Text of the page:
The views expressed in our content reflect individual perspectives and do not represent the official views of the Baha'i Faith.
Can you imagine it – a prisoner and an exile, consigned to the worst prison in the Ottoman Empire, becoming the best-loved and most revered figure in that land?
As had happened in Baghdad and Constantinople, the fame of Baha’u’llah grew wherever the government exiled him. They tried their hardest to suppress his teachings, but every effort to do so only made them spread more widely.
People would flock around the house where Baha’u’llah was confined, seeking to hear the voice or behold the face of the newest messenger of God. Finally the Turkish government decided that even Adrianople was too close to the capital, and exiled Baha’u’llah to the most remote outpost of the Ottoman Empire.
The place they chose for his next banishment – the fortress-city and penal colony of Akka, Palestine – was notorious for the foulness of its climate and its many diseases. The Ottoman authorities reserved its infamous cells for the incarceration of the most dangerous of criminals, a prison in which people were not expected to live very long. So bad was the very air that it was said that if a bird flew over the City of Akka it would fall down dead from the stench.
The members of Baha’u’llah’s family, together with a company of his followers, were exiled with him. For the next two years and two months, Baha’u’llah would be held in the fortress citadel itself under the strictest of orders to isolate him from visitors and from the general populace. Baha’is, nevertheless, continued to arrive from distant provinces and nations, seeking to be near him.
During this particularly difficult period of Baha’u’llah’s imprisonment, all pilgrims were turned away, heartbroken, without seeing him; but gradually this condition changed in a remarkable way.
One extremely hot night, one of Baha’u’llah’s sons, Mirza Mihdi, fell through a skylight while pacing the roof of the prison, rapt in prayer. He fell onto some crates which mortally wounded him. Baha’u’llah found his son conscious and offered to save his life but, instead of asking to be healed, Mirza Mihdi’s dying wish to his father was for his life to be accepted as a ransom for those who were prevented from entering Baha’u’llah’s presence.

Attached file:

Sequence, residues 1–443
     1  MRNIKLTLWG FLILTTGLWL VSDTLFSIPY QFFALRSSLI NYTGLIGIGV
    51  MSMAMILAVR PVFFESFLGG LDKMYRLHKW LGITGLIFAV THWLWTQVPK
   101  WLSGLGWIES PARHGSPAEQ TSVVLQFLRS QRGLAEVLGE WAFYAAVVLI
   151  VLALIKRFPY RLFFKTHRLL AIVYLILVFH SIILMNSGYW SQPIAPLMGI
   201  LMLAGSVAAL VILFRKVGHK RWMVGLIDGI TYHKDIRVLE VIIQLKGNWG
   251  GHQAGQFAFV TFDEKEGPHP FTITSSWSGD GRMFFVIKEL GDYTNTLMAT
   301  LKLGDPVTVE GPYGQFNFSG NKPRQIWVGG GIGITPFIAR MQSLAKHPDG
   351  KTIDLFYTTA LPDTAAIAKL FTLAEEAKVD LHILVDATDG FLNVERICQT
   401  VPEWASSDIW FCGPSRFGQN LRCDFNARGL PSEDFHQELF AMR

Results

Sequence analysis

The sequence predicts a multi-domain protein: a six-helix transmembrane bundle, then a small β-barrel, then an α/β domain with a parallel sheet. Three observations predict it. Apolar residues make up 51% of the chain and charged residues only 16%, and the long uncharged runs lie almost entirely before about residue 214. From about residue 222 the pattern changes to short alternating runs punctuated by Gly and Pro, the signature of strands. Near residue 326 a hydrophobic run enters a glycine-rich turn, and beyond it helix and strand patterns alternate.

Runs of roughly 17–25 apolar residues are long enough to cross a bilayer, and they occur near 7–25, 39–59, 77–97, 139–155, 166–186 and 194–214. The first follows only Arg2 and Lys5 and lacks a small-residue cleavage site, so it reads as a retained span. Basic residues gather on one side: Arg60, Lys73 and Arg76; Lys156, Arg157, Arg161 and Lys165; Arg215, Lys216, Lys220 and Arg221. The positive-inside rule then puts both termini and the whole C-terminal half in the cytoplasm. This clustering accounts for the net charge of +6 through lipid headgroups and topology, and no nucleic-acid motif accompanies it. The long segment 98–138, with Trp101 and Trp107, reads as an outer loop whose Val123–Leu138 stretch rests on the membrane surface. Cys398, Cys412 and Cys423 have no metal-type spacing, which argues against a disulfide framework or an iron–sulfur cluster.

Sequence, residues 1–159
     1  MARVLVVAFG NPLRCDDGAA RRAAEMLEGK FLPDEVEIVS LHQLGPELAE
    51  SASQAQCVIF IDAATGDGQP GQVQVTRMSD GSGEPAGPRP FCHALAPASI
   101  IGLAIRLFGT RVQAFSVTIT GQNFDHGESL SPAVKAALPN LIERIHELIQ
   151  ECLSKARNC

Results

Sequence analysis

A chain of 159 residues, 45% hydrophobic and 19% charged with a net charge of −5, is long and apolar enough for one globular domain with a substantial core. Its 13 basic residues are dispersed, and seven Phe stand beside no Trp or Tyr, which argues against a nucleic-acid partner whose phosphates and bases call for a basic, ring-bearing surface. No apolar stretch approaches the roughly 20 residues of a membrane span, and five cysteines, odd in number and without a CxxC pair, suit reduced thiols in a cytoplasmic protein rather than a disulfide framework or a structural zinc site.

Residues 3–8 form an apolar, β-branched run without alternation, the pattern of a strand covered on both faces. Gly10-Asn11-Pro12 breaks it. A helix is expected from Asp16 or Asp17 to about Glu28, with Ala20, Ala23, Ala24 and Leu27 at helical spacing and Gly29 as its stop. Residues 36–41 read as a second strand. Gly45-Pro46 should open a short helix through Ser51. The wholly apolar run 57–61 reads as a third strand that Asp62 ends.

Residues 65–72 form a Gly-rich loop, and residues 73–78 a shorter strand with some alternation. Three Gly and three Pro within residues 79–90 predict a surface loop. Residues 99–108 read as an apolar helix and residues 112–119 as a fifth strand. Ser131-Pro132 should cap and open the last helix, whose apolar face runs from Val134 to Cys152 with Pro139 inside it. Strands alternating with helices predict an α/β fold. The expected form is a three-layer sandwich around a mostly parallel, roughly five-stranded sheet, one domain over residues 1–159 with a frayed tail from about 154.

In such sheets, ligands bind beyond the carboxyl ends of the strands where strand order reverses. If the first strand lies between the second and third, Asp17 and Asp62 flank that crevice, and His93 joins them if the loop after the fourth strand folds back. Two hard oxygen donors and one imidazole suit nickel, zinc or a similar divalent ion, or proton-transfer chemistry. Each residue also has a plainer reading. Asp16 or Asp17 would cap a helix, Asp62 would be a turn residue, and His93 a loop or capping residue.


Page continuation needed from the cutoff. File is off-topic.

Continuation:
Mirza Mihdi asked his father to accept the sacrifice of his life so that the pilgrims who had come from so far could meet, face to face, the messenger of God. Baha’u’llah granted his dying son’s request, and Mirza Mihdi was buried just outside the prison walls. In his writings, Baha’u’llah frequently praised his son’s selflessness and spirituality. On the day of Mirza Mihdi’s death, Baha’u’llah wrote:
Glorified art Thou, O Lord, my God! … Thou seest me in the hands of Mine enemies, and My son blood-stained before Thy face, O Thou in Whose hands is the kingdom of all names. I have, O my Lord, offered up that which Thou hast given Me, that Thy servants may be quickened and all that dwell on earth be united. – Baha’u’llah, quoted by Shoghi Effendi in This Decisive Hour, p. 47.
Very soon after the death of his son, Baha’u’llah’s restricted confinement was lessened and he was allowed to live under house arrest in a nearby building. Miraculously, the guards of the prison city began to allow Baha’i visitors through the gates.
For a long time the superstitious local population shunned the exiles, after being warned in public sermons from the Islamic mullahs against the so called “God of the Persians.” Life was very difficult for the small band of exiles, several of whom died as the result of the privations to which they were subjected. But the terrible conditions they endured ultimately transformed into better ones because of the powerful spiritual gravity of Baha’u’llah. His son Abdu’l-Baha, who suffered along with his father and the rest of the family and followers, later spoke about the role of the spirit in sustaining them:
During our imprisonment in Akka means of comfort were lacking, troubles and persecutions of all kinds surrounded us, yet notwithstanding such distressful conditions, we were able to endure these trials for forty years. The climate was very bad, necessities and conveniences of life were denied us, yet we endured this narrow prison forty years. What was the reason? The spirit was strengthening and resuscitating the body constantly. We lived through this long, difficult period in the utmost love and heavenly servitude. The spirit must assist the body under certain conditions which surround us, because the body of itself cannot endure the extreme strain of such hardships. – Abdu’l-Baha, The Promulgation of Universal Peace, p. 263.
This series of essays is adapted from Joseph Roy Sheppherd’s book The Elements of the Baha’i Faith, with permission from his widow Jan Sheppherd.
Sign in or create an accountContinue with Facebook